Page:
Just when you thought 2021 had already been bad enough for cyber security, with all the high-profile ransomware attacks and massive data leaks that took place over the past twelve months, the Log4j exploit came along and trumped everything else.
The latest reports from security outlets indicate that the alternative ways to exploit the vulnerability are growing and mutating, and it is also likely that this issue will haunt us for a while. The exploit may uncover vulnerabilities within some of the most popular applications and services on the Internet.
A "perfect 10" vulnerability
The Log4j vulnerability, given the name LogShell, logged as CVE-2021-44228 and bearing a maximum severity score of 10, was first spotted by Alibaba in late November 2021 and has been exploited heavily ever since. In essence, it is a remote code execution bug and affects a large number of services spanning everything from online platforms to game clients and services.
According to security researchers with Check Point, within the span of mere days threat actors have already come up with a staggering 60+ variations and alterations of the initial exploit. Furthermore, new ways to exploit Log4j have been introduced, including exploits using HTTP or HTTPS, which simply gives the already massive surface area for attacks even new points of entry that are accessible to even more threat actors.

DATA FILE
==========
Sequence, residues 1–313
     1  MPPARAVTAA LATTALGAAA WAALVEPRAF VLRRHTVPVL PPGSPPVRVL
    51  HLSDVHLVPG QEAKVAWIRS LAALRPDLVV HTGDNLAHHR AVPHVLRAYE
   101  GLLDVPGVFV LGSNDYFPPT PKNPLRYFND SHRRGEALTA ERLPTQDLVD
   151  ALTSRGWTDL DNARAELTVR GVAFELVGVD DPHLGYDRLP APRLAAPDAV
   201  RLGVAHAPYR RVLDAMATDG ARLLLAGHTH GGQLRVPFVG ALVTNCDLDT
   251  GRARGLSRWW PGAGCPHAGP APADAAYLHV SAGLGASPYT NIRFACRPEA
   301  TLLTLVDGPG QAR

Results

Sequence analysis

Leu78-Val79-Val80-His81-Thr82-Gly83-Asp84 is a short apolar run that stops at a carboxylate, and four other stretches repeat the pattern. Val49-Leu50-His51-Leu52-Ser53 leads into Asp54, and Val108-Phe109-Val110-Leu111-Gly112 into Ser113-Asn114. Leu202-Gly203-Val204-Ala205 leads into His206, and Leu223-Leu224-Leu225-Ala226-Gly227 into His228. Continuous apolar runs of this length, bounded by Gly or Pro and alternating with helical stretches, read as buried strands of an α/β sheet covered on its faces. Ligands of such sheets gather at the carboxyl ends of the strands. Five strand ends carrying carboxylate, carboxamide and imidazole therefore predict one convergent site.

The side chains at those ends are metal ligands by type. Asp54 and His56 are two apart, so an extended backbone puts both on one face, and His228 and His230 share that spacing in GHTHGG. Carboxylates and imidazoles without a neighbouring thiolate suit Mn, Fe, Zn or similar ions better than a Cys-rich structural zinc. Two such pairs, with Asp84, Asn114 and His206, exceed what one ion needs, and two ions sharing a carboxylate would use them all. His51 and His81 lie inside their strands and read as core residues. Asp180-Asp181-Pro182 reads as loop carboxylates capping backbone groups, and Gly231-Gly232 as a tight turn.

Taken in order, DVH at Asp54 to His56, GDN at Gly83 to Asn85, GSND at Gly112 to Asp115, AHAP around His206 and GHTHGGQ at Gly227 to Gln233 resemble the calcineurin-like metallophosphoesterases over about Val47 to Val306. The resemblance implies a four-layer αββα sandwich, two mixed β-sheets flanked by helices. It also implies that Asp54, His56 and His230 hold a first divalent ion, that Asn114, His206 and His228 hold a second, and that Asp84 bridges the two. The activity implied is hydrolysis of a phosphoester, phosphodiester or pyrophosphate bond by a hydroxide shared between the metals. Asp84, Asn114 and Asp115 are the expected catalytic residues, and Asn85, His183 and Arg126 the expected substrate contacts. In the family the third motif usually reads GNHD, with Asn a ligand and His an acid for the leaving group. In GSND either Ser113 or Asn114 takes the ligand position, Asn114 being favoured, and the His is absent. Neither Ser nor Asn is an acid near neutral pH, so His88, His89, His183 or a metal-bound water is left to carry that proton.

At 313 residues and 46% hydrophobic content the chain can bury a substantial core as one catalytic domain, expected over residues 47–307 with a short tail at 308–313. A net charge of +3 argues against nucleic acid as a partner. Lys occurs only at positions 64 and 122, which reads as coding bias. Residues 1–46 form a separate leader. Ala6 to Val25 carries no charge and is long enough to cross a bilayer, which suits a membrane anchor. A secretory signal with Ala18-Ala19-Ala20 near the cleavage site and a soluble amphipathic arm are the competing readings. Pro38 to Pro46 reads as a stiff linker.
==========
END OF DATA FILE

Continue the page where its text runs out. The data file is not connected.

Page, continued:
The bug was initially exploited primarily for installing crypto-mining tools on compromised systems and using their resources for illegal mining. However, within just a few days this focus has shifted towards data exfiltration.
The incredible surface area offered by the exploit also means that even as patches are rolled out and applied globally, there will still be vulnerable systems for months to come. Log4j is very easy to exploit and doesn't take an inordinate amount of skill or very high-end tools. At the same time, it resides in a component that is very widespread and often bundled with other services and solutions. All of this makes Log4j / LogShell a very nasty issue to take care of.
Cyber security firm Imperva reported observing over a quarter million attacks per hour and that number is expected to grow larger as new modifications and variations of the attack are discovered.